Tuesday, July 18, 2017

In the News: UMass tuition rises; legislative deal on marijuana reached; used needles everywhere

From the Milford Daily News, articles of interest for Franklin:
"The University of Massachusetts Board of Trustees voted to increase tuition and fees by an average of 3 percent for in-state undergraduates on Monday -- a move that will cost the average Massachusetts student $416 more than the previous academic year. 
Across the UMass system, the average in-state undergraduate will pay an average $14,253 in tuition and fees this year. It is the third year in a row the university has increased tuition for students. Last July, the trustees voted to increase tuition and fees by 5.8 percent -- a hike that cost the average in-state undergraduate student $756. The trustees broke a two-year tuition freeze in 2015 when they voted to increase tuition by 5 percent. 
The five-campus UMass system had more than 74,000 students enrolled during the 2016-17 academic year. Some 17,700 students earned UMass degrees in 2017 -- the largest graduating class in UMass history. The board approved the increases during a meeting in Worcester."

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"State House and Senate negotiators reached an agreement Monday on the state’s voter-approved marijuana law that would allow retail pot sales to be taxed at a maximum 20 percent rate.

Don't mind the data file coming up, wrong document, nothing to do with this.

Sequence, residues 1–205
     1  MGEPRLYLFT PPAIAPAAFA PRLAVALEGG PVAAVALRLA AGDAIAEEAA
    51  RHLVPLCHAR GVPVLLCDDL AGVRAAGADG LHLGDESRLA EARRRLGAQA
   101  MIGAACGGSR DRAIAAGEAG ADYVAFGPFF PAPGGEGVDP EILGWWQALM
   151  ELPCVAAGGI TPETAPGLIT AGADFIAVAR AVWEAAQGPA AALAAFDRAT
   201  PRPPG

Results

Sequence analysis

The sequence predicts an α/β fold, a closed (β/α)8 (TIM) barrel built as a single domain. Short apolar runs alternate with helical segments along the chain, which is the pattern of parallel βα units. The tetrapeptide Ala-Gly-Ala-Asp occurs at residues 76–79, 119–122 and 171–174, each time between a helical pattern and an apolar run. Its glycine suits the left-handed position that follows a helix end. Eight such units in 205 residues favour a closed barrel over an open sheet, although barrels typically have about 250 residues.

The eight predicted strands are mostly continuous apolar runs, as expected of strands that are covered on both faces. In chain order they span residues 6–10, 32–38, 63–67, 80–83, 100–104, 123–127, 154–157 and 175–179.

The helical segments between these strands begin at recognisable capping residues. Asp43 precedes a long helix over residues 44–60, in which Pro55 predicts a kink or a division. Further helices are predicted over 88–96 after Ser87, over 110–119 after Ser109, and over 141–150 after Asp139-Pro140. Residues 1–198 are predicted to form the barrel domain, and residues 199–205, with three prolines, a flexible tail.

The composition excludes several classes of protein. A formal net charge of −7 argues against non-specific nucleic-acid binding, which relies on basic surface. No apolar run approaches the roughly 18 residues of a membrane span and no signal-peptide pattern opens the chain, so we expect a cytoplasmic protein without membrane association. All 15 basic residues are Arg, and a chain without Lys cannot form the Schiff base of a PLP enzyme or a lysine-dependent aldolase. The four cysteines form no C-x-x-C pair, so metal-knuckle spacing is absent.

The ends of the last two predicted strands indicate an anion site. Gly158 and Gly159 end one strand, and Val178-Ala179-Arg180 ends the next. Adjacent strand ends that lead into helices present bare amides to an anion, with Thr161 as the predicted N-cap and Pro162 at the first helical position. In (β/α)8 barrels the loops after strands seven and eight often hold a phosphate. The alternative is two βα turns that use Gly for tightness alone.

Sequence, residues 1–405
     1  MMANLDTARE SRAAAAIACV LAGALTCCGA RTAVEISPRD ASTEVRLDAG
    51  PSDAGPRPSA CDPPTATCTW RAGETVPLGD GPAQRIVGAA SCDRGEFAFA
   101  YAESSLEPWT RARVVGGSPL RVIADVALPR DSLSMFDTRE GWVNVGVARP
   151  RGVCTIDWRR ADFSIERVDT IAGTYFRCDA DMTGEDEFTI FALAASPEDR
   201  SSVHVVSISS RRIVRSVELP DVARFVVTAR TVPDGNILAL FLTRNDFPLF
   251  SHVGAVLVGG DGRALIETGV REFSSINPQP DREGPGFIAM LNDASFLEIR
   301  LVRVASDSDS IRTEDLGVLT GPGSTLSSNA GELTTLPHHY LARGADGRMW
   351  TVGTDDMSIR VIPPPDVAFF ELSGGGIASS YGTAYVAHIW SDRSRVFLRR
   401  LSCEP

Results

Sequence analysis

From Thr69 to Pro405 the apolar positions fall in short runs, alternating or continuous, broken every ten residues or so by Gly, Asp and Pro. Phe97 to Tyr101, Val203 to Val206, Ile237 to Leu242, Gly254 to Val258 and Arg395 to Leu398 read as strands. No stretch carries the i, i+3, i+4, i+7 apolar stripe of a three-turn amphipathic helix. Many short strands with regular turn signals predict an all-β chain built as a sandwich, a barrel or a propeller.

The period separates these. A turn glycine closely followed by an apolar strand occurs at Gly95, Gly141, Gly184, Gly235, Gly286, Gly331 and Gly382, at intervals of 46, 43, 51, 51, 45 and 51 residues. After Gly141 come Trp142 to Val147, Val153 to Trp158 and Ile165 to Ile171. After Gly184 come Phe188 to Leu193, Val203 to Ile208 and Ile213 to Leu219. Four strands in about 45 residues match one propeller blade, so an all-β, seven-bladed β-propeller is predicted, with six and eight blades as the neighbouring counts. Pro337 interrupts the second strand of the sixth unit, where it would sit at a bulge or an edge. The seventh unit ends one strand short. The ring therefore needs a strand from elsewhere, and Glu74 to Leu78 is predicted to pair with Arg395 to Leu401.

Highlights of the deal were released by a six-member conference committee that spent several weeks trying to resolve differences between the two chambers.The compromise language mostly splits the difference between a House proposal to raise the total tax on marijuana to a mandatory 28 percent and the Senate version of the bill, which called for keeping the tax at a maximum of 12 percent. 
Under the agreement, consumers would pay a 10.75 percent excise tax in addition to the state’s regular 6.25 percent sales tax. Cities and towns would also have the option of adding a 3 percent local tax."

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"They hide in weeds along hiking trails and in playground grass. They wash into rivers and float downstream to land on beaches. They pepper baseball dugouts, sidewalks and streets. Syringes left by drug users amid the heroin crisis are turning up everywhere. 
In Portland, Maine, officials have collected more than 700 needles so far this year, putting them on track to handily exceed the nearly 900 gathered in all of 2016. In March alone, San Francisco collected more than 13,000 syringes, compared with only about 2,900 the same month in 2016. 
People, often children, risk getting stuck by discarded needles, raising the prospect they could contract blood-borne diseases such as hepatitis or HIV or be exposed to remnants of heroin or other drugs. 
It’s unclear whether anyone has gotten sick, but the reports of children finding the needles can be sickening in their own right. One 6-year-old girl in California mistook a discarded syringe for a thermometer and put it in her mouth; she was unharmed."

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